Although there are two major ethnic groups – the Amhara and Oromo – Zewde argued that, historically, groups identified themselves more by region than ethnicity, and highlighted the high levels of ethnic interaction and integration and the existence of sporting, cultural and political leaders with more national than ethnic icon status.
Narrative of division
“The antithesis started to appear in the 1970s, with a narrative that gave primacy to its constituent nationalities,” he said. “It was accentuated by the emergence of ethno-nationalist liberation fronts.”
“I see ethnic identity as a development of the 1960s,” he continued. “After the 1960s there was thinking and organisation along ethnic and language lines, and more emphasis on group identity. This counter narrative of opposition and marginalisation of groups has been somewhat exaggerated.”
He indicated that the role of the student movement was very significant in the 1960s and 70s, explaining that the 1974 revolution which ousted Emperor Haile Selassie was initially spearheaded by students leading to the establishment of a Marxist-Leninist state under a military government. The Civil War ended in 1991 with the overthrow of the government by the Ethiopian People’s Revolutionary Democratic Front.
However, it was in the constitutional sphere that the narrative of ethnic division was strongly entrenched.
“The climax of this narrative was attained with the promulgation of the 1995 constitution that enshrined this primacy, to the extent of recognising the right of ‘nations, nationalities and peoples’ to self-determination, up to and including secession,” explained Zewde.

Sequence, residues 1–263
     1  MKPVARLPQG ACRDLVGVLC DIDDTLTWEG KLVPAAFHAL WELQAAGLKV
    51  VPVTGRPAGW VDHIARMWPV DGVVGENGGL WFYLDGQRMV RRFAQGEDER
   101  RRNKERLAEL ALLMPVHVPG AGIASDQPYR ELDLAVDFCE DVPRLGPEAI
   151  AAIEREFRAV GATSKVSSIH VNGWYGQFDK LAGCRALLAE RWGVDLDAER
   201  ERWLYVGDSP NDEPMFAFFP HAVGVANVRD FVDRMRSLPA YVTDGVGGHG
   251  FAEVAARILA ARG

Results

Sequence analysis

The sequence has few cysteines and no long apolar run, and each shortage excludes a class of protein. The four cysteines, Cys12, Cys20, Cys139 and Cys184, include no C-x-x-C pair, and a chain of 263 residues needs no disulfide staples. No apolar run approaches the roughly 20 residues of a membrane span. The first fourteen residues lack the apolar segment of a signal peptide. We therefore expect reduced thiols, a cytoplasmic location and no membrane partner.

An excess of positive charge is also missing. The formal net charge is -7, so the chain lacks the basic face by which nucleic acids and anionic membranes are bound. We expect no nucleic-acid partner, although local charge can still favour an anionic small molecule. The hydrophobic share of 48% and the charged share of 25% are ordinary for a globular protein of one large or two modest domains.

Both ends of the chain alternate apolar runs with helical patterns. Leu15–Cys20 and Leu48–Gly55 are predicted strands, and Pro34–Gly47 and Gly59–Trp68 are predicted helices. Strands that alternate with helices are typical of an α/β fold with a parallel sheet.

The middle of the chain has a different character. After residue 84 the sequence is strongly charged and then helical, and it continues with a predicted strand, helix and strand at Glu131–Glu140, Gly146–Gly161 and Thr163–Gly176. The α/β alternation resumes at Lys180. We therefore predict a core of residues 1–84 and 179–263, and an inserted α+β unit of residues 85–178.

“The 1995 constitution had many positive aspects but also glaring anomalies. It showed a lack of knowledge about the country and ignorance of the interrelationships.”
“As the recent spate of ethnic conflicts all over the country has shown, a medicine that was ostensibly intended to cure a long-standing ailment is threatening to bleed the country to death.”
Zewde pointed out that although there have been attempts at promoting national unity and consensus through Flag Day and Ethiopian Millennium celebrations, and that current Prime Minister Abiy Ahmed has attempted some revival of pan Ethiopianism and has established Peace and Reconciliation and Identity and Boundary Commissions, ethnic-based conflict is prevalent. “Although he has Oromo parentage, not all Oromo accept him. There has been resistance from Oromo nationalists as well as ongoing confrontation with the Tegray People’s Liberation Front.”
So what does Zewde see for the future or as a ‘synthesis’? “It’s still work in progress,” he said. “But, there is general consensus that the ill-fated constitution has to be revised substantially. While the federal arrangement is an inescapable reality, its ethnic element has to be attenuated significantly. Accommodating ethno-nationalist identity need not come at the expense of pan-Ethiopian identity. Above all, the promotion of democratic institutions is a sine qua non for the exercise of genuine federalism.”
“I believe political pluralism is more important than self-determination and we need to privilege the pan-Ethiopian identity while also accommodating ethno-national identities.”
“I’m daring to dream – as I did in my first paper on this issue in 2005 – of a Northeast African Confederation,” he concluded.
Michelle Galloway: Part-time media officer at STIAS
Photograph: Noloyiso Mtembu